|About the VRAC
Iowa State University’s Virtual Reality Applications Center (VRAC) is an interdisciplinary research center focused at the intersection of humans and technology, aimed broadly at enhancing the productivity and creativity of people. The VRAC’s world-class research infrastructure supports the research of faculty and students representing all seven of ISU’s colleges, as well as the interests of collaborators from several federal agencies and numerous industry partners.
The VRAC research community spans a wide spectrum of disciplinary experts with particular strengths in state-of-the-art interaction technologies including virtual, augmented and mixed reality (VR/AR/MR) as well as mobile computing, developmental robotics, and haptics interaction. The VRAC community is also skilled at human centered design and user experience (UX) evaluation as well as assessing the effectiveness of new interaction modalities via formal user studies.
To complement its research mission the VRAC established and now leads ISU’s interdepartmental graduate major in Human Computer Interaction (HCI). With more than 200 students currently enrolled, the HCI program is now the largest interdepartmental graduate major at ISU and offers PhD, MS and Professional Certificate degrees to resident and on-line student communities.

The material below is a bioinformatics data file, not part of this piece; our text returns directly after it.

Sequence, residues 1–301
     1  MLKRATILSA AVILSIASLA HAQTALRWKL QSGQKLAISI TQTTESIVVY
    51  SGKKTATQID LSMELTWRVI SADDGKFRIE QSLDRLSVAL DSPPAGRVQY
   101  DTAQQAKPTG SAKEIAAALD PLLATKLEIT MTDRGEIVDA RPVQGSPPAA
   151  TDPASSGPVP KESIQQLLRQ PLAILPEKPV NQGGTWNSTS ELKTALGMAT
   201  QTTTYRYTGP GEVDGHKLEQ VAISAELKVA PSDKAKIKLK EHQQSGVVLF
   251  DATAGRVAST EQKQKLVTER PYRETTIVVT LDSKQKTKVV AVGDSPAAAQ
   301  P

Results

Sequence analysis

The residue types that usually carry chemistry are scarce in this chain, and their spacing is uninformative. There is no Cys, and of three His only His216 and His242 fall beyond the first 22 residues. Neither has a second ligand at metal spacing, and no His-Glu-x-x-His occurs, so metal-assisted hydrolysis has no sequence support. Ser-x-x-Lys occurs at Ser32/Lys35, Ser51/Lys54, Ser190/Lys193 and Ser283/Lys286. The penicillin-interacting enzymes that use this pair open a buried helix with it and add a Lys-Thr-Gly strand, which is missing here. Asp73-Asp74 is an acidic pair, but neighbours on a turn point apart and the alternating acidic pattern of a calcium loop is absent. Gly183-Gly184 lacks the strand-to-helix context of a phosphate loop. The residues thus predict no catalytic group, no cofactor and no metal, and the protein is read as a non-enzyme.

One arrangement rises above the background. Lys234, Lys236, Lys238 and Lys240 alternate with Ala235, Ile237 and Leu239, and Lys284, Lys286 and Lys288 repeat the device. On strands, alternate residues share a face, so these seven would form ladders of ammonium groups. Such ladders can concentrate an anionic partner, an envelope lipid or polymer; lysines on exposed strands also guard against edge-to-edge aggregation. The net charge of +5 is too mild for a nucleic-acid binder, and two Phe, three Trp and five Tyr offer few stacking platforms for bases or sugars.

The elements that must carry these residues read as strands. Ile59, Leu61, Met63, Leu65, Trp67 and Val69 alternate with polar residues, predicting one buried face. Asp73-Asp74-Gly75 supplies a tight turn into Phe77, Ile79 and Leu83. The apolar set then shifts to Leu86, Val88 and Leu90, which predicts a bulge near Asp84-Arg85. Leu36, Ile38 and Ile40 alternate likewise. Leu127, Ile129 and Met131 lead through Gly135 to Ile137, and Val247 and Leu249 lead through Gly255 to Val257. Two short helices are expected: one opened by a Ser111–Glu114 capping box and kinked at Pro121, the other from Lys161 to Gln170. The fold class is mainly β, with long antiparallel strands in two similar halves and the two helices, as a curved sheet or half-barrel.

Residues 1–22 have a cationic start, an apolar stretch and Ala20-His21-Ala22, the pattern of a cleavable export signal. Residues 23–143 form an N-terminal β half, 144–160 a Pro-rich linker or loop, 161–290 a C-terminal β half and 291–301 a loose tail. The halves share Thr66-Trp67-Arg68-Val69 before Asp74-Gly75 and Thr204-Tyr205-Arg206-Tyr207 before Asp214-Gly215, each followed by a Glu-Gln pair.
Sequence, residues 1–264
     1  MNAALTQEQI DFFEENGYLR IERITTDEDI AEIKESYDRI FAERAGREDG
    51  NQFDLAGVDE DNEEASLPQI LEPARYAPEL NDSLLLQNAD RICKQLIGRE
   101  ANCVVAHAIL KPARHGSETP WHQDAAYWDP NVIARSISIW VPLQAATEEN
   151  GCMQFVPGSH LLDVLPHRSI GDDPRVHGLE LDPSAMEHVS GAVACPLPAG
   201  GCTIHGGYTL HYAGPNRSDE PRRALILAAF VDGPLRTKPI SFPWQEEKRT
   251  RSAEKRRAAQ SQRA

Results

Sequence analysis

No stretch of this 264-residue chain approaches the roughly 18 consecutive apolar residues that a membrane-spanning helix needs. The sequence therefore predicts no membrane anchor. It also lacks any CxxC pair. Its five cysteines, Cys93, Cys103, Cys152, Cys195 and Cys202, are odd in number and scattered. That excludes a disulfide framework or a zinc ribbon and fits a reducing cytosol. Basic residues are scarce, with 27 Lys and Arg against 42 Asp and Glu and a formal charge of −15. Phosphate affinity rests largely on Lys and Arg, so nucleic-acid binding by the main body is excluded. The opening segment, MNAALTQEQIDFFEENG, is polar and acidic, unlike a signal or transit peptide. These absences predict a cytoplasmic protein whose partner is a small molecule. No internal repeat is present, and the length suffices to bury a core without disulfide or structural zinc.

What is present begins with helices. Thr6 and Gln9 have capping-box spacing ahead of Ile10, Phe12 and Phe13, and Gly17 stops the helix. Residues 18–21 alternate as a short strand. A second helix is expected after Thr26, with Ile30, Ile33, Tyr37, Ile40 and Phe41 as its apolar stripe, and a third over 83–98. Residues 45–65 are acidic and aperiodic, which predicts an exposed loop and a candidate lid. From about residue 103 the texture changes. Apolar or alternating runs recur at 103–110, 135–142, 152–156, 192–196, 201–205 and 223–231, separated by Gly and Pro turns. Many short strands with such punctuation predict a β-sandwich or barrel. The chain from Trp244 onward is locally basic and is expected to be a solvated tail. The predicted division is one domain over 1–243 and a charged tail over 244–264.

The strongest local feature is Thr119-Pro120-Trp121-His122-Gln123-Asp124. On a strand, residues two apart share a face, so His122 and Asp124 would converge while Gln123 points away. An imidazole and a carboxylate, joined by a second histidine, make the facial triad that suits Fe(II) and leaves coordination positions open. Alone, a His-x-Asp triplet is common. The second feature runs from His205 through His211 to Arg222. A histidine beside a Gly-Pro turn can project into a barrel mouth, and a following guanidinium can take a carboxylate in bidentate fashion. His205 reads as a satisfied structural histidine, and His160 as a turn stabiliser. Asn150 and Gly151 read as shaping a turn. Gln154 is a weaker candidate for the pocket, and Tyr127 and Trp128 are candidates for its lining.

A friendly, efficient, service-oriented staff supports the collaborative interdisciplinary culture at VRAC. Administrative support facilitates research proposal preparation and submission, grant administration, purchasing and student appointments, while technical staff provides hardware maintenance, system integration, vendor coordination and technical assistance to the research community.
News & Events
HCI was well represented at the 3rd Annual Graduate and Professional Students’ Research Conference held in the ISU Memorial Union … Continue reading
Approximately 50 middle school students from Boone attended an event at Iowa State University on April 12 sponsored by a … Continue reading
An article in The New Yorker titled “The Breathless Rhetoric (and Prosaic Economics) of Virtual Reality” references the results of a … Continue reading